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Brooklyn Law Review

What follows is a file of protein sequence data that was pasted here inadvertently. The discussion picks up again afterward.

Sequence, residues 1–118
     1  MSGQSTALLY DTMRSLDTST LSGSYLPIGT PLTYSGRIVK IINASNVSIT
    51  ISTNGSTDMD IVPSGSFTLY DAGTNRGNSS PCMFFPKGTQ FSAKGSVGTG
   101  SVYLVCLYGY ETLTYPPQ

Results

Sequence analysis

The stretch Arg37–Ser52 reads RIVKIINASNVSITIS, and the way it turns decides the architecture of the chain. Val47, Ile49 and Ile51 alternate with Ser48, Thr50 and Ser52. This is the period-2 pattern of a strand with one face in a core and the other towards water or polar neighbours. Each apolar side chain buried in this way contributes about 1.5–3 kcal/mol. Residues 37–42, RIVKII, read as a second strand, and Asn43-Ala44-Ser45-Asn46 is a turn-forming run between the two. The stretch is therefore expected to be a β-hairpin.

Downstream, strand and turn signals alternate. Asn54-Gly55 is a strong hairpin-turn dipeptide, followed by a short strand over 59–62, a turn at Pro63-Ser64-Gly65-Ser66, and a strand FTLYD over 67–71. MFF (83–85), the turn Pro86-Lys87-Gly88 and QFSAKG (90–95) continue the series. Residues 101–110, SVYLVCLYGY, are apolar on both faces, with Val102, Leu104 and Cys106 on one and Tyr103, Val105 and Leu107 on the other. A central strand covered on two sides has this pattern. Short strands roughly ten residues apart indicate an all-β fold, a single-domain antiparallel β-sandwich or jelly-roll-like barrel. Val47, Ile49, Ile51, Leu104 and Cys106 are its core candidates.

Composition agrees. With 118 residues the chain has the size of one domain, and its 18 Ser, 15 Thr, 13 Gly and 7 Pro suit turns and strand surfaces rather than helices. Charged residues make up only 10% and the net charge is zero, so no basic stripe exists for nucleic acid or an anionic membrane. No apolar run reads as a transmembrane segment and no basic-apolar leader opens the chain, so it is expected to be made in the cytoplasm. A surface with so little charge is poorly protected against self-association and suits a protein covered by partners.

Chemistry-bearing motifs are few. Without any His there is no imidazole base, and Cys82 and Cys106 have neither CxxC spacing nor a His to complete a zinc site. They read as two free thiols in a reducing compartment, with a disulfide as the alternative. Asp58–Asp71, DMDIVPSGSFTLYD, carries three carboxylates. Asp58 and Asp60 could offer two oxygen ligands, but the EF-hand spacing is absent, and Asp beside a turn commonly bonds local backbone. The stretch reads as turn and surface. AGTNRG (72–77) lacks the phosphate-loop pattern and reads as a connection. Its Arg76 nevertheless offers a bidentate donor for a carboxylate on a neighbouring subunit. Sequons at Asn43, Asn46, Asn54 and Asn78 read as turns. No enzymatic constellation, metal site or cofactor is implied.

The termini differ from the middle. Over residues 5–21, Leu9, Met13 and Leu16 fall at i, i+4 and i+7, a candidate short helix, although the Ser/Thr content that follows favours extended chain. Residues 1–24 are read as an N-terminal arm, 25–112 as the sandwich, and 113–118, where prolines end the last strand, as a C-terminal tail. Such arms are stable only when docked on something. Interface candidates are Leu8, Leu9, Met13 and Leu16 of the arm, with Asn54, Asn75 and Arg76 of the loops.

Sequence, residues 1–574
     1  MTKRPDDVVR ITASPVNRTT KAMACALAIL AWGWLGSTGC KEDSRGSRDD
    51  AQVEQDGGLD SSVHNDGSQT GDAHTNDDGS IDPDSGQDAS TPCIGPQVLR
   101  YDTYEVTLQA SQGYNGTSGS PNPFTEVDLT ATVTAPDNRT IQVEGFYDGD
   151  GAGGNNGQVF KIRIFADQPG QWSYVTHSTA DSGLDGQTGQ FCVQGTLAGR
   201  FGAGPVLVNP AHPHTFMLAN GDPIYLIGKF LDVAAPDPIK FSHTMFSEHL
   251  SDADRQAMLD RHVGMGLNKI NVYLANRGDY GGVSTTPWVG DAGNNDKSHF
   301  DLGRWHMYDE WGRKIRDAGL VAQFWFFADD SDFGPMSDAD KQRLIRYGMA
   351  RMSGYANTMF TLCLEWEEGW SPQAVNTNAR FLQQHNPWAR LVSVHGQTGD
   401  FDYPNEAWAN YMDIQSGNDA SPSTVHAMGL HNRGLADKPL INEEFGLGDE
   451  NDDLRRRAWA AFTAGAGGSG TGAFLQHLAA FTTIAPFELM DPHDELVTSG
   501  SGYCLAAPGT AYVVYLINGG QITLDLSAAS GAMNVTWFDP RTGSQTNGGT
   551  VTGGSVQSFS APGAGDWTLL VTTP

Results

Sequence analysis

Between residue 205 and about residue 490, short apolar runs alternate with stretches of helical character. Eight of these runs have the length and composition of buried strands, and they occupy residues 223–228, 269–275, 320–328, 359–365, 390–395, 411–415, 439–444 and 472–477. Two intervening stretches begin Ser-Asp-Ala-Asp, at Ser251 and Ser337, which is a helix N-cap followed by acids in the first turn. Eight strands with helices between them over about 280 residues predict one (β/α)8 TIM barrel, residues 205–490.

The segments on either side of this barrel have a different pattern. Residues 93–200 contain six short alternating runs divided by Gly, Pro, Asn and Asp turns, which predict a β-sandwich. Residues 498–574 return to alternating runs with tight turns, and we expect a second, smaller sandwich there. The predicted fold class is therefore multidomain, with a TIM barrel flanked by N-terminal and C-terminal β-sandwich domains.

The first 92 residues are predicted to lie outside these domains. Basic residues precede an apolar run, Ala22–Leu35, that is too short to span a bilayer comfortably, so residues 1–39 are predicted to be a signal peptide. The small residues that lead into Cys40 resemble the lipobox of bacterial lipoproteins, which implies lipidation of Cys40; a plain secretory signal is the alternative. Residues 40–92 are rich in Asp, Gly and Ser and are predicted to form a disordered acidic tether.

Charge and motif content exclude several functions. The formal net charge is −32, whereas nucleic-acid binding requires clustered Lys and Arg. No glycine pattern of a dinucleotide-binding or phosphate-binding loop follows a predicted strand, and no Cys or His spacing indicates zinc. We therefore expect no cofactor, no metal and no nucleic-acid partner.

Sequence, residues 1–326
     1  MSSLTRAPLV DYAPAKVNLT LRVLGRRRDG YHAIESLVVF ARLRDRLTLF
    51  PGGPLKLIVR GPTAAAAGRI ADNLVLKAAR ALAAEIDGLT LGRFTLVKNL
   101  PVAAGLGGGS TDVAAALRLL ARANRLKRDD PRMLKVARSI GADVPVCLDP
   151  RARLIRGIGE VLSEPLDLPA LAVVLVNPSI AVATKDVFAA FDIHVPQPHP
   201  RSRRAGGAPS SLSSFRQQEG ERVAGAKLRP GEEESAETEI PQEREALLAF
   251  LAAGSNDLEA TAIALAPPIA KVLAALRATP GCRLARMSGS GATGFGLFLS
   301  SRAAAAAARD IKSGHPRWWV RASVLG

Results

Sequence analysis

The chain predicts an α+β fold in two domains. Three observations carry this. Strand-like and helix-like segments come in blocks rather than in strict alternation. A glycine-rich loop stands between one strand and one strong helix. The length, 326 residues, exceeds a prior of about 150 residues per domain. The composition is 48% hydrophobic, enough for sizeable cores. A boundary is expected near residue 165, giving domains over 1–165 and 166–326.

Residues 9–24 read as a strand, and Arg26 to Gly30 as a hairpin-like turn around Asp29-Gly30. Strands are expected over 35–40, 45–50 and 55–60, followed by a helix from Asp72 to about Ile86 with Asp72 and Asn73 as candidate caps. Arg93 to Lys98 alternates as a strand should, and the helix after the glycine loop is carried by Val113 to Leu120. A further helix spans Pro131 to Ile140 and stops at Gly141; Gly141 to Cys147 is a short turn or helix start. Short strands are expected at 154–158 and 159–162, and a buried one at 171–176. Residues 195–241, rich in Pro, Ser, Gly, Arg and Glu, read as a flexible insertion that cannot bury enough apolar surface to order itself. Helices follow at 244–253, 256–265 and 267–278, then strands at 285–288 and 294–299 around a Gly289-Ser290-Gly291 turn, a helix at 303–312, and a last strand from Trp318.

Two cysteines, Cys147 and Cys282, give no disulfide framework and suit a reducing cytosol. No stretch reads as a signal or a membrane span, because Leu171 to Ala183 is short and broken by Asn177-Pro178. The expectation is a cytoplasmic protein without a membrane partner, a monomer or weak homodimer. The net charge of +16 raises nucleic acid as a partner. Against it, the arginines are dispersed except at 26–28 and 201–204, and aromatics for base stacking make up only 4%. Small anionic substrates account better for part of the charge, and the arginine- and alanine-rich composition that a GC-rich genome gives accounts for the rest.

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Investor protection and healthy capital markets are commonly acknowledged as the objectives historically driving U.S. federal securities legislation and policy. Less commonly appreciated, or perhaps intentionally neglected, is the critical role that virtue was understood to play in realizing these objectives by the architects and original enforcers of the securities laws. This understanding has largely been lost, in no small part, due to the success that law and economics has had in dominating securities law thinking. This Article posits that this original understanding can be rediscovered, and the role of virtue restored to its rightful place in securities regulation, via application of a natural law approach to securities law issues. Within the context of the recent research analyst conflict-of-interest problem, this Article compares a natural law approach to the problem with a law and economics approach. The conclusion reached is that the natural law approach is preferable on account of its endorsement of solutions that are more comprehensive, and, moreover, more harmonious with the historical values and objectives of U.S. securities law.



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